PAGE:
Getting a new job can be painstaking and exhausting, and that's all made worse by misinformation. It's important to get your facts straight about the hiring process, and the St. Louis Today has compiled a list of the five most common job hunting myths. Whether you heard it from a friend or it's just an unfounded belief, read up on some of these and hopefully your next job search will be a little more painless.
1. Experience is all you need.
Experience is certainly a very important component to whether or not you land a job, but it's not the sole determining factor. Arguably second most important is fit: whether you mesh well with the team or not is critical. The experience/fit ratio will vary between companies, but it's safe to say that if you annoy, frustrate, or simply don't fit with the team, they won't want you to join. If you're worried about fitting the culture, just remember that a professional attitude will go a long way.
2. If you they don't contact you, they're not interested.
If your prospective employer doesn't contact you within two weeks, you might think everything fell through, but this isn't always the case. Chances are that hiring managers are overworked and have a staggering number of positions to fill, so your resume may have easily fallen through the cracks. The trick is to be gently persistent – it's perfectly acceptable to send a follow-up letter within one to weeks to inquire about the status of your application.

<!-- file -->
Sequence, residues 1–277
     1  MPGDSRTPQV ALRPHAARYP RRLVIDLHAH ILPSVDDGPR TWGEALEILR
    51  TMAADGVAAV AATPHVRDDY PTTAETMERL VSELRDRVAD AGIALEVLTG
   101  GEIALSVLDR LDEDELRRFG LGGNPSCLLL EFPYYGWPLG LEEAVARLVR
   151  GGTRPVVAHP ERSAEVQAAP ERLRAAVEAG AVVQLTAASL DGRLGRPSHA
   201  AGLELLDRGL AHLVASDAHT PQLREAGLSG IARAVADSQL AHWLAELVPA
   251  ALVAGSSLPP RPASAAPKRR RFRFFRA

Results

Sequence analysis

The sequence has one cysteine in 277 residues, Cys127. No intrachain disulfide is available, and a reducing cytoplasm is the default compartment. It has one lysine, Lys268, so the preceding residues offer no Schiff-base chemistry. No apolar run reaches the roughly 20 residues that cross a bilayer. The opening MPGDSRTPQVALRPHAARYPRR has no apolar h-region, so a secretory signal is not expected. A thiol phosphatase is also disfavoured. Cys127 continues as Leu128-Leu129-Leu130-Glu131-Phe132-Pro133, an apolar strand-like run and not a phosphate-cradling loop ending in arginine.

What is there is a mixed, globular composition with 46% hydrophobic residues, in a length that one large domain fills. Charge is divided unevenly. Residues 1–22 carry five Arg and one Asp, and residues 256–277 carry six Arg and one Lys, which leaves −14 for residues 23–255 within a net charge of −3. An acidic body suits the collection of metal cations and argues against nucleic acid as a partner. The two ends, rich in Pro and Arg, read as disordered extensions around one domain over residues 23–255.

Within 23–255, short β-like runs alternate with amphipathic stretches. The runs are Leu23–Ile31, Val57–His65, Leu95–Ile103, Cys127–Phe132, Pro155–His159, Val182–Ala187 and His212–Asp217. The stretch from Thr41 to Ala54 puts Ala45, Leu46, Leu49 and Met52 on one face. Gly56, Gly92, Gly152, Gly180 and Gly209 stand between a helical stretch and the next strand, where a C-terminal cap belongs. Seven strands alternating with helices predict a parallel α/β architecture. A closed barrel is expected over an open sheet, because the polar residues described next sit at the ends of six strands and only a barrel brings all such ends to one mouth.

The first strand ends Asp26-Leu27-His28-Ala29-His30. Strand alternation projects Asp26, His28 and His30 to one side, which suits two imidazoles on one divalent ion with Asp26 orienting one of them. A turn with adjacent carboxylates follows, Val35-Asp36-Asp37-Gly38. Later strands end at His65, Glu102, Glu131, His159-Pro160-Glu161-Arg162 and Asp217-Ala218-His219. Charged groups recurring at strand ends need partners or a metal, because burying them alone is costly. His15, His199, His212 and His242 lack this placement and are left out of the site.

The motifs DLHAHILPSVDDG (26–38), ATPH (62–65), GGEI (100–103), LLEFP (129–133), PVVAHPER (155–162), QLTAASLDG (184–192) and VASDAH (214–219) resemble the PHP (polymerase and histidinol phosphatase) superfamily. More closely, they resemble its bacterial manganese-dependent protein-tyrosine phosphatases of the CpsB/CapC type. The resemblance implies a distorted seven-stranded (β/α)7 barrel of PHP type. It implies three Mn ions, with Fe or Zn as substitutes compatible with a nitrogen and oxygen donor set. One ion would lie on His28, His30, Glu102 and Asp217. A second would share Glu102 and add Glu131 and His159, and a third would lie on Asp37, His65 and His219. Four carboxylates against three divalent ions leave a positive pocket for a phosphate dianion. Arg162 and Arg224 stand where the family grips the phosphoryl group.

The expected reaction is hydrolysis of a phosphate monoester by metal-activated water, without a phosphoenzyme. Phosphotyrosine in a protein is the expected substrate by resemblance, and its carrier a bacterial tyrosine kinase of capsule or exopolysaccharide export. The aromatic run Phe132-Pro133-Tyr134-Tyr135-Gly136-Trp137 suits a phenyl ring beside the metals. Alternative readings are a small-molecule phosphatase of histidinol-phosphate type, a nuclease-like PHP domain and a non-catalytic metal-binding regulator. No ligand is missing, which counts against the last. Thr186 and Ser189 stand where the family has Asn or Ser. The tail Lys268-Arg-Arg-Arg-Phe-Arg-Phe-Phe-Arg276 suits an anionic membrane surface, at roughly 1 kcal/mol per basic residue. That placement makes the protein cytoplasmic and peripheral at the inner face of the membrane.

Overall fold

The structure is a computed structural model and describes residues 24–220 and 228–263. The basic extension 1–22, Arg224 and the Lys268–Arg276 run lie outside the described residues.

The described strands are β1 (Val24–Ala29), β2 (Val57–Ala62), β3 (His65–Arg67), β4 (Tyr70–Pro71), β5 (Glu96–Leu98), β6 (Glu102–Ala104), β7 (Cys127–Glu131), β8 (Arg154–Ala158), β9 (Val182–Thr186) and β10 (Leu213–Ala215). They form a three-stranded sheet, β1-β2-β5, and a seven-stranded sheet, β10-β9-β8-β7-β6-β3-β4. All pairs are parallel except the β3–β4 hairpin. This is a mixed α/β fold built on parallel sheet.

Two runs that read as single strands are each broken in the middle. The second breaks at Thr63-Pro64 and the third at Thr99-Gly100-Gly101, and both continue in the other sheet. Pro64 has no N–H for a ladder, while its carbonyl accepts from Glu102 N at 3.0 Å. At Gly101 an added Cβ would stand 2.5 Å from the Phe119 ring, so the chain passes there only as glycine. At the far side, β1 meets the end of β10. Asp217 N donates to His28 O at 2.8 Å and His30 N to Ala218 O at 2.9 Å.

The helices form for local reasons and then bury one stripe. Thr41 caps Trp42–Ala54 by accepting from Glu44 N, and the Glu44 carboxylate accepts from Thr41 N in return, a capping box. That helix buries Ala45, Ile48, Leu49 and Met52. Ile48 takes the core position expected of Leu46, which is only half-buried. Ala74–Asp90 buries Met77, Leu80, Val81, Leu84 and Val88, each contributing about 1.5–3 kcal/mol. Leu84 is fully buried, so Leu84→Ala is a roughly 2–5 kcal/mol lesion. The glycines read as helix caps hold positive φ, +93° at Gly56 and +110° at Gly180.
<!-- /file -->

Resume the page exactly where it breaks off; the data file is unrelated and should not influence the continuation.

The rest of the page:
3. If they're holding my resume, they'll figure out another position for me.
Companies simply don't have enough time on their hands to invest in a single person. If you were rejected for one role, it's your responsibility to seek out others within the company. Even if they tell you at some point that you'll be contacted if another position opens up, it's best to take matters into your own hands while, again, not being annoying. Checking a company's job listings online is a good place to start.
4. I'm stuck on a career path.
Switching careers can be daunting, especially if you've worked your current position for five or more years. However, it's not impossible. If you put in enough effort, there are plenty of ways for you to transition from one career to another. The first step is to research the new role you'd like to attain – informational interviews would be a huge resource in this regard. Think about how you can educate yourself in order to better prepare for the new job. Aside from getting another degree, taking a few classes in certain subjects can help a great deal.
5. There are no jobs on the market for me.
Staring down an uncertain economy can be tough, but it is possible to find a new job. Internal networking is key: the difference between being a faceless resume and a personal connection is immense. Companies are more likely to hire individuals who are recommended by an employee, or someone they've at least been introduced to.